Flight paramedic Jaclyn Pickett doesn’t usually see the people she rescues after they recover.
But that changed Friday.
Pickett and three pilots from Maryland State Police’s Trooper 3 met up with patient Jon Goshorn Friday, a year after rescuing him following a logging accident in Pennsylvania. Trooper 3 is a Maryland State Police helicopter stationed in Frederick, which primarily performs medical evacuations, searches for missing persons and assists local law enforcement agencies.
The reunion at the Trooper 3 hangar at Frederick Municipal Airport allowed the troopers and Goshorn to catch up about his recovery since the accident and share stories about the day of the rescue.
“This is great. Everything just goes unnoticed or unthanked, and I think they deserve a lot more than what they get,” Goshorn said. “And this was just one incident.”
Goshorn, who has been working in logging for more than 23 years, was injured when a tree he cut down split and pinned him underneath it. His leg was nearly amputated, and he suffered four compound fractures in his leg: two in his shin, one just below his knee cap and one in his ankle.
The doctors at Winchester Hospital, where he was flown, said he wouldn’t walk for two years. But Goshorn is already fairly mobile with the help of a cane, just one year out from the accident.
“I guess it’s good I like proving people wrong,” he said.
Trooper 3 was called to the area by Goshorn’s co-workers at around 7:30 a.m. on April 2, 2020, after ground rescuers requested help. The evacuation would have to be from the air due to the topography of the valley.
Pickett, along with pilots Mike Haskins and Keith Blanton and flight paramedic Chris Aycock, traveled 44 miles to the site where Goshorn was stuck, deep in a valley.
Pickett went down on the hoist — a mechanism connected to the helicopter by a cable — and was lowered 240 feet down to Goshorn.
Once Pickett saw Goshorn, she realized the description she was provided of a “patient with a broken leg” was an understatement. He would need a lot of blood transfusions and required immediate attention. She requested an extraction from the helicopter with special equipment for Goshorn.
“[The location] made accessing him extremely difficult,” Pickett said. “It took us approximately an hour to get him packaged the way I needed to.”
Pickett stabilized him as much as she could before moving to a site suitable for extraction. Aycock hoisted her and Goshorn up from 250 feet above, which also proved difficult due to the location. Haskins said he had to get below the tree line in order to get the helicopter close enough to where Goshorn and Pickett were.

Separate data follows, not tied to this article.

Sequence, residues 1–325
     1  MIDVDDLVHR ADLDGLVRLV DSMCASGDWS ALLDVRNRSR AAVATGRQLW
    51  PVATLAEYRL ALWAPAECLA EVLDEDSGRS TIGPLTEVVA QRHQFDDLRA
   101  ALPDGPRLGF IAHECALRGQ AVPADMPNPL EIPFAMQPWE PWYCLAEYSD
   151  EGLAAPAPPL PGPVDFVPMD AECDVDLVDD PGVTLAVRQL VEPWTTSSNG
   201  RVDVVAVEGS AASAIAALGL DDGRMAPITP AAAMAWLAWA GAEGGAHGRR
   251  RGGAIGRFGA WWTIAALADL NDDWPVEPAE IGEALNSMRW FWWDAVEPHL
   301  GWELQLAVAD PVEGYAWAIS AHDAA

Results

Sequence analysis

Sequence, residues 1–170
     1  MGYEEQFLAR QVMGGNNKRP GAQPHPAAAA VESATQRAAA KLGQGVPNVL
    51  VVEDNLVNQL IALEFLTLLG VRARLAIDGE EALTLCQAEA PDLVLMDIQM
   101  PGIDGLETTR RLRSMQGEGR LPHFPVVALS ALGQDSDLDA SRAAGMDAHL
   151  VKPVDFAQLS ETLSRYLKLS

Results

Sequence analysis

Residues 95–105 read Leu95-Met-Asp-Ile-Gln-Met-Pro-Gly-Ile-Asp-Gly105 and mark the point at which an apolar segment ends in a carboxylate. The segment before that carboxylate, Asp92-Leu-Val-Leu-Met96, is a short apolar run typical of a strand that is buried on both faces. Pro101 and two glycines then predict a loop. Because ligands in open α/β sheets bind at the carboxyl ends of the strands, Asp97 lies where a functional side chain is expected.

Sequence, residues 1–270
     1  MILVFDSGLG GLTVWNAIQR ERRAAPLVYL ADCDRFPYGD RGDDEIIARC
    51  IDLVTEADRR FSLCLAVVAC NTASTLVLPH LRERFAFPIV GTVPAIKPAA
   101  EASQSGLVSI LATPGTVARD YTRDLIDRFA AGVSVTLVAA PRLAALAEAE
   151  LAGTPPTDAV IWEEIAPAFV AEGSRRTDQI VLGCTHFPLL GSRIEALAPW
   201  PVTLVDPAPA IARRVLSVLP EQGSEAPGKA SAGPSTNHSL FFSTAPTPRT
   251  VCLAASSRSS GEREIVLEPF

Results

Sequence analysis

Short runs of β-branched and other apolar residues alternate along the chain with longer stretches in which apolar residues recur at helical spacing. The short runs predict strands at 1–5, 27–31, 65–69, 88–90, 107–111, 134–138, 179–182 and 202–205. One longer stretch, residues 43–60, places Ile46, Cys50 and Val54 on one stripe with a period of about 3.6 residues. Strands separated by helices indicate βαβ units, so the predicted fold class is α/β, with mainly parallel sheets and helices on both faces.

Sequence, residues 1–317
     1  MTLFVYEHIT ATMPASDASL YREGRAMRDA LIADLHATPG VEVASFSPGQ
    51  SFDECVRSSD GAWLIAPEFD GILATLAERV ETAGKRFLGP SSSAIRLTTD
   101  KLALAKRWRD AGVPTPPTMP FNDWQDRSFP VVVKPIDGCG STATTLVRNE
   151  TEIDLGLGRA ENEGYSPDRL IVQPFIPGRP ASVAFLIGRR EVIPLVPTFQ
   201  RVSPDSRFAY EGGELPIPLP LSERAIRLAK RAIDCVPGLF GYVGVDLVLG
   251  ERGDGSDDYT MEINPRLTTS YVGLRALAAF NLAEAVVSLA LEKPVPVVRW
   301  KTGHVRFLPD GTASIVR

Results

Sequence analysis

“I’m looking out at trees sideways, and I’m looking at how much clearance we have for the rotor blades... I came down about 40 feet, and that was as much as I was comfortable doing,” the pilot said.
The chopper had used most of its fuel getting into a position where Pickett could be hoisted, so the troopers took Goshorn to nearby Winchester Hospital in Virginia.
Goshorn said on Friday that he was in and out of consciousness for most of the flight, although he does remember being hoisted into the helicopter. He does remember Pickett organizing the rest of the crew and coordinating his care.
“I told her, ‘There’s people that do a job and there’s people that do it very well,’ and she’s one of those,” Goshorn said. “I’m just glad she was there that day.”
He stayed in the hospital for about 16 days. His 19th surgery is next Friday.
Pickett — who since last April has been with Trooper 5 — said she was shocked to hear that on top of Goshorn keeping his leg, he was already walking again. After hearing from Goshorn that it took 45 minutes for the rest of his logging crew to reach him and that he made a tourniquet out of one of his crewmate’s belts, she was even more shocked.
“It was unique in its own regard,” she said. “And then specifically to have someone that sick or that severe and be in that kind of distress and so isolated, definitely made it a challenging call.”
Haskins was also glad to catch up with Goshorn and see how he was doing.
“To be honest, I never get to follow up, and it’s great to hear [from them],” he said. “It gives you a sense of satisfaction. I love what I do, but seeing the results gives it that much more meaning.”
During the reunion on Friday, Aycock and Blanton had to respond to a call. They took the helicopter out of the hangar and got ready to take off. Goshorn’s family watched from the hangar as the crew prepared, much like they did the day he was rescued.
“Whoever it is,” Goshorn said, “they’re in good hands.”